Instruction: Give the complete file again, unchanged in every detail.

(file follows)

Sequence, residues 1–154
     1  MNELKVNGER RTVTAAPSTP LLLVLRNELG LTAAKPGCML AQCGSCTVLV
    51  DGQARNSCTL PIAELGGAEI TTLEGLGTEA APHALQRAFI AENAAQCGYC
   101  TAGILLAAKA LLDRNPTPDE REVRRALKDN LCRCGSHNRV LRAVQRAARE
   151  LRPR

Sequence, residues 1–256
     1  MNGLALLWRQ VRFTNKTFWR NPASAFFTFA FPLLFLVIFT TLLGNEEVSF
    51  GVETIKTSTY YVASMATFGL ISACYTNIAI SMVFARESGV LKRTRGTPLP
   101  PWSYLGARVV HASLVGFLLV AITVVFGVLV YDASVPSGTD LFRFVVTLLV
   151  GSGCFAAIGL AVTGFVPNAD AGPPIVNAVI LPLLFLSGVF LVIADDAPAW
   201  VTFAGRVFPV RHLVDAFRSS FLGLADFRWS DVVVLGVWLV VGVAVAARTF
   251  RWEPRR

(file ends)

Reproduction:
Sequence, residues 1–154
     1  MNELKVNGER RTVTAAPSTP LLLVLRNELG LTAAKPGCML AQCGSCTVLV
    51  DGQARNSCTL PIAELGGAEI TTLEGLGTEA APHALQRAFI AENAAQCGYC
   101  TAGILLAAKA LLDRNPTPDE REVRRALKDN LCRCGSHNRV LRAVQRAARE
   151  LRPR

Sequence, residues 1–256
     1  MNGLALLWRQ VRFTNKTFWR NPASAFFTFA FPLLFLVIFT TLLGNEEVSF
    51  GVETIKTSTY YVASMATFGL ISACYTNIAI SMVFARESGV LKRTRGTPLP
   101  PWSYLGARVV HASLVGFLLV AITVVFGVLV YDASVPSGTD LFRFVVTLLV
   151  GSGCFAAIGL AVTGFVPNAD AGPPIVNAVI LPLLFLSGVF LVIADDAPAW
   201  VTFAGRVFPV RHLVDAFRSS FLGLADFRWS DVVVLGVWLV VGVAVAARTF
   251  RWEPRR